For 30 years, conflict has plagued the eastern Democratic Republic of Congo as rival armed groups fight for control of key mineral resources. The remote region has become off-limits to most foreign journalists – but a young generation of Congolese photographers is emerging to bear witness to not only the atrocities of war, but the population’s fierce desire to live.
According to the United Nations, the Democratic Republic of Congo has Africa’s highest number of internally displaced people – around 6.3 million.
Particularly hard-hit, the eastern provinces of North Kivu, South Kivu and Ituri have long been plagued by armed groups, a legacy of regional wars and the fallout of the genocide in neighbouring Rwanda in 1994.
The Tutsi-led rebel group M23, allegedly backed by Rwanda, has captured swathes of territory since launching an offensive in late 2021, and driven over a million people from their homes.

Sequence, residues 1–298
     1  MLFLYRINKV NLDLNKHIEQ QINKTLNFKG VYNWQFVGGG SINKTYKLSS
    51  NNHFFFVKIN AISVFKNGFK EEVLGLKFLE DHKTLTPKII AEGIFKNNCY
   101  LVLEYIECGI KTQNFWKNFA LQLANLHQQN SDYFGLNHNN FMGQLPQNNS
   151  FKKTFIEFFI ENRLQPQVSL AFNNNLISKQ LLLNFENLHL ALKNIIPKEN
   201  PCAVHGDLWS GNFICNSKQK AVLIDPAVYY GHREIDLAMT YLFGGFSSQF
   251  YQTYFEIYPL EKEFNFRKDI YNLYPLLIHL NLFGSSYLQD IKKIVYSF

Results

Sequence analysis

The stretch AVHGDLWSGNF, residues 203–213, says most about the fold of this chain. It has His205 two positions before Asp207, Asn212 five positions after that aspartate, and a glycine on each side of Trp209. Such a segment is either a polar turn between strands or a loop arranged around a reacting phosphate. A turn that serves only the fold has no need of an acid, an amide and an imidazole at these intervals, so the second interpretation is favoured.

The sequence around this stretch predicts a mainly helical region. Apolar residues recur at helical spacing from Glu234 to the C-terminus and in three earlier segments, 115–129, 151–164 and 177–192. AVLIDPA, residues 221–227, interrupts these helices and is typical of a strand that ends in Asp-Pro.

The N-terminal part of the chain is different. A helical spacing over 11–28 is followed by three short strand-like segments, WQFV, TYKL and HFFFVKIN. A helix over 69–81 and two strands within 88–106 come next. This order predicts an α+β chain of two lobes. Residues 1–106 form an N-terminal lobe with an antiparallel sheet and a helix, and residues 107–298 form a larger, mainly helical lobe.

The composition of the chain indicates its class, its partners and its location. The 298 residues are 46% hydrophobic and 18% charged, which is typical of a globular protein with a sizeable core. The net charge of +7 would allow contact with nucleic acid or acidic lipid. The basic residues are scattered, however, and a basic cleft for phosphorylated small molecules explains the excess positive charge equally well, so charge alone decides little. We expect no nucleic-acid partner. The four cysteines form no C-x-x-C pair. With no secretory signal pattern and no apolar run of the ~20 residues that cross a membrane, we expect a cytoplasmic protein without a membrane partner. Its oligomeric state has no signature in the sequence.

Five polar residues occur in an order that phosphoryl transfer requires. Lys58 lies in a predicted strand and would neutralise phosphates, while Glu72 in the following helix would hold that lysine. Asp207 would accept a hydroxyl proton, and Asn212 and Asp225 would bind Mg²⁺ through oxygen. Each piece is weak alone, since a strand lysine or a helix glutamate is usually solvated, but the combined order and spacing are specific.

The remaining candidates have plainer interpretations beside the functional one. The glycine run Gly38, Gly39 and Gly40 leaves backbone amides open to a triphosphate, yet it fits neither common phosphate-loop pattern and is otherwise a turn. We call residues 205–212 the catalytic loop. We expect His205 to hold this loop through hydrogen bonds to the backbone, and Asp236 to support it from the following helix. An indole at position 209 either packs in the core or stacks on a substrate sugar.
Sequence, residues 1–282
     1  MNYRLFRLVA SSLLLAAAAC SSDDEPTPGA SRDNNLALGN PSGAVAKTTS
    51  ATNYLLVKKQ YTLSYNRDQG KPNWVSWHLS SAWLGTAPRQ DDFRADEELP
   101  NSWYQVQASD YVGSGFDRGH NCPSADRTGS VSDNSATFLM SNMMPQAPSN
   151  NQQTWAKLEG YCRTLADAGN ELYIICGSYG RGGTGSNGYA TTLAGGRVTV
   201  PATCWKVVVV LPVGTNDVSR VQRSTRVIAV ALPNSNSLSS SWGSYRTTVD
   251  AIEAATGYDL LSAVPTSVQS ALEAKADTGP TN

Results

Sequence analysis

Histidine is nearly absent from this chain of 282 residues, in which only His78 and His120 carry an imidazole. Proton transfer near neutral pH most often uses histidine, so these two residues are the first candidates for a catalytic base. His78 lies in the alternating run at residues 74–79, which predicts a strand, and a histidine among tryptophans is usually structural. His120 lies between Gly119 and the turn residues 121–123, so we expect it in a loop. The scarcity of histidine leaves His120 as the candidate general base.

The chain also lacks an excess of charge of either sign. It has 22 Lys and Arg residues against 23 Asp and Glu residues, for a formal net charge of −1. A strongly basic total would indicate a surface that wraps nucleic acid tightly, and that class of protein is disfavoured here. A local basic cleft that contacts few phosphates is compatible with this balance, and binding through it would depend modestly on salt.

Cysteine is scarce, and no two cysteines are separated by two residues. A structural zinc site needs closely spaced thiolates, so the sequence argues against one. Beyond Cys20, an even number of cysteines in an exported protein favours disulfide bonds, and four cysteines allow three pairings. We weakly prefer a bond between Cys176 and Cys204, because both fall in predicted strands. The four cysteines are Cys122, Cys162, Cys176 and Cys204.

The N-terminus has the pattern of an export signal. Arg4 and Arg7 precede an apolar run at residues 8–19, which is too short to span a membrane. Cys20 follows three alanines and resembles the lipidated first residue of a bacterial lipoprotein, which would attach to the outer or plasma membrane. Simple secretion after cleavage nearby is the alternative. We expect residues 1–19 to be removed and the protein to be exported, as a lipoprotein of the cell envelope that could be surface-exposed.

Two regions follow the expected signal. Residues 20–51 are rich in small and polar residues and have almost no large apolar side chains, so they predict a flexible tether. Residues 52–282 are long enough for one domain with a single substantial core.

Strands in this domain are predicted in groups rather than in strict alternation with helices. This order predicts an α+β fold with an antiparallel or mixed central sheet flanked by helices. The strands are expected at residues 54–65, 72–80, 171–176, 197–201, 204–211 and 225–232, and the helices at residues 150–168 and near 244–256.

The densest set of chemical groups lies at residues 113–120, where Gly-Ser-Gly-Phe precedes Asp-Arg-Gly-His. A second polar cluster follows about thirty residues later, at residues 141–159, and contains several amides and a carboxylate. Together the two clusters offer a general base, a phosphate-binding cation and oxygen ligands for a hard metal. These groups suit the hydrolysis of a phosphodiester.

The Norwegian Refugee Council has described the country as having one of the world's most neglected humanitarian crises.
Eastern towns like Goma are difficult to access due to lack of infrastructure. Journalists gather information as best they can but often have to rely on civilians’ WhatsApp messages and statements from armed groups, difficult to verify.
Other side of paradise
French journalist Maria Malagardis, author of the book Sur la piste des tueurs rwandais, (“On the trail of Rwandan killers”), knows the region well.
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